probably correct that they are losing “their” country: apparently,
though they occupy a huge percentage of recent news coverage, the
Tea-baggers constitute only 18% of Americans. As a group, or tribe, if
you will, they are primarily over 45, Republican, white, married, and
male. They’re old enough to remember a time in which white men were the
top dogs in America, and they’re pissed; their tribe, which once ruled
the land, has been reduced to a loud but powerless fringe.

explains their extreme xenophobia. According to them, President Obama
is not a real American–he was born in Kenya and resembles Hitler, or
Stalin, or Mussolini, i.e., foreigners. Because he is African American
with connections to Hawaii, Kenya, Indonesia, and worst of all,
Harvard, President Obama is clearly not a member of the Tea-bag Tribe.

easy to mock the people in these films–for example, when one corpulent
Terps fan says, “Three words: Not. Good. For. The. Country.” When asked
what parts of the health care bill he has problems with, the Terp
exclaims, “I don’t know! I don’t know!” A young white man in a black
t-shirt says, “I believe [the health care bill‘s] going to be the end
of life as we know it in America.” The interviewer asks what precisely
he thinks will cause this, and the guy responds, “Well–just the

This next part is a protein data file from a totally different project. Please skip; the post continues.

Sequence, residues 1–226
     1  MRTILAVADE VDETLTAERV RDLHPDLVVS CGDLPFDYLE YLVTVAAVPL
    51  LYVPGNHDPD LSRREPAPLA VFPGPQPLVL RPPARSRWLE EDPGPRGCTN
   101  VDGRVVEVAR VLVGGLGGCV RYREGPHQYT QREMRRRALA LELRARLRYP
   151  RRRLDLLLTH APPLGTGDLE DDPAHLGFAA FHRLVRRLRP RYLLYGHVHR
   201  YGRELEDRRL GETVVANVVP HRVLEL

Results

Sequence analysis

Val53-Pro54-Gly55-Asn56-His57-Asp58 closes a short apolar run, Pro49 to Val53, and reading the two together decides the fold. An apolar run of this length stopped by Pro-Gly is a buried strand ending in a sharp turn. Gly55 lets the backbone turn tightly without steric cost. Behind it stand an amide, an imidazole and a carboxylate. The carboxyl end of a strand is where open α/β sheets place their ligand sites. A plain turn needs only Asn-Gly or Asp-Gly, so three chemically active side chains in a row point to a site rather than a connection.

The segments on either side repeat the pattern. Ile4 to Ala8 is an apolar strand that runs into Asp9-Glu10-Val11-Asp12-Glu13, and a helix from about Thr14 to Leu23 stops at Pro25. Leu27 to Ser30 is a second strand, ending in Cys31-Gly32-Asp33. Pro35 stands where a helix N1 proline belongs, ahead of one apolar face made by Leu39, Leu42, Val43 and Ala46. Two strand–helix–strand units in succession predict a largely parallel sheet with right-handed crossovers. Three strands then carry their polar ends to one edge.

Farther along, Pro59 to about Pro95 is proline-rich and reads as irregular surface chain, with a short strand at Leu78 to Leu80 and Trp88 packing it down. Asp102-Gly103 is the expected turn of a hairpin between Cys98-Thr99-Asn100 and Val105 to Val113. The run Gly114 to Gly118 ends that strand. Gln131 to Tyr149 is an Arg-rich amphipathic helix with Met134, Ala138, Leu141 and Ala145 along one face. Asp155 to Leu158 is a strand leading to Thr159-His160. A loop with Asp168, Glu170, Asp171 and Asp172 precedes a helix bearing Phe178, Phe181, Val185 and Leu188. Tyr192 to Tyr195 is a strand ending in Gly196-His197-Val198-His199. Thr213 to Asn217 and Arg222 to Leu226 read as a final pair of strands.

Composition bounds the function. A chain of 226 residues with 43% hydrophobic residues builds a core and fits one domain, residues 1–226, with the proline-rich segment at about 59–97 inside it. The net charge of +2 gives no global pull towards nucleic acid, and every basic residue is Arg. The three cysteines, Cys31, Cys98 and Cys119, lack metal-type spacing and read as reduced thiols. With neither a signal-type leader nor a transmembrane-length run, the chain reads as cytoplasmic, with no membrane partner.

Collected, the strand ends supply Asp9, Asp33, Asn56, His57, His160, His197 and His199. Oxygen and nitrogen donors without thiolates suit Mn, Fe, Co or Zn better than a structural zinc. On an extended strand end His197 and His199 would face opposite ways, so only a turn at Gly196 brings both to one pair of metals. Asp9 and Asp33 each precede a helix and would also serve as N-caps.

socialist angle, I mean, the progressives have perverted….” His voice
trails off. But which issues, specifically? the interviewer inquires.
The guy says in a tone that is desperately interrogative, “Um–the
tyranny of the government?” An earnest elderly white woman with a
Wisconsin accent says, “Did you know that President Obama is
considering banning fishing in America?”

As hilarious as they
are at times, these videos are also painful to watch. These people are
hurting, and they don’t understand why. All they know is that it has to
be someone‘s fault, so they demonize Democrats, progressives, and the
government (now that it’s run by Democrats–they were very quiescent
under Bush), and President Obama, who is consistently depicted as a
stranger who has come to town and bewitched all the women, who are now
running wild in the woods eating raw animals–no, wait, sorry, that was
the Greek god Dionysus in Euripides’ The Bacchae.

Anyway, as I
watched these people yammer on in phrases that were both heartfelt and
impossibly vague, I couldn’t help but feel sorry for them; to
paraphrase Virginia Woolf, who once made this delightful remark about a
friend of hers, “How terrible to love so much and know so little.” They
have been outsmarted by another tribe–my tribe as it happens–and are
on the wrong side of America’s demographics, and they know it. Their
vapid eyes stare helplessly from the videos like those of homo
neanderthalensis, watching the world they knew become extinct.

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About the Author

Abby Bardi
Takoma Park expatriate Abby Bardi explores the wickedness of modern life in her Voice column, "Sin of the Month." Born and raised in Chicago, Abby has worked as a singing waitress in Washington, D.C., an English teacher in Japan and England, a performer on England’s country and western circuit, and, most recently, as a professor at Prince George’s Community College. Author of "The Book of Fred," (Washington Square Press: Simon & Schuster 2001), she is married with two children and lives in Ellicott City, Maryland.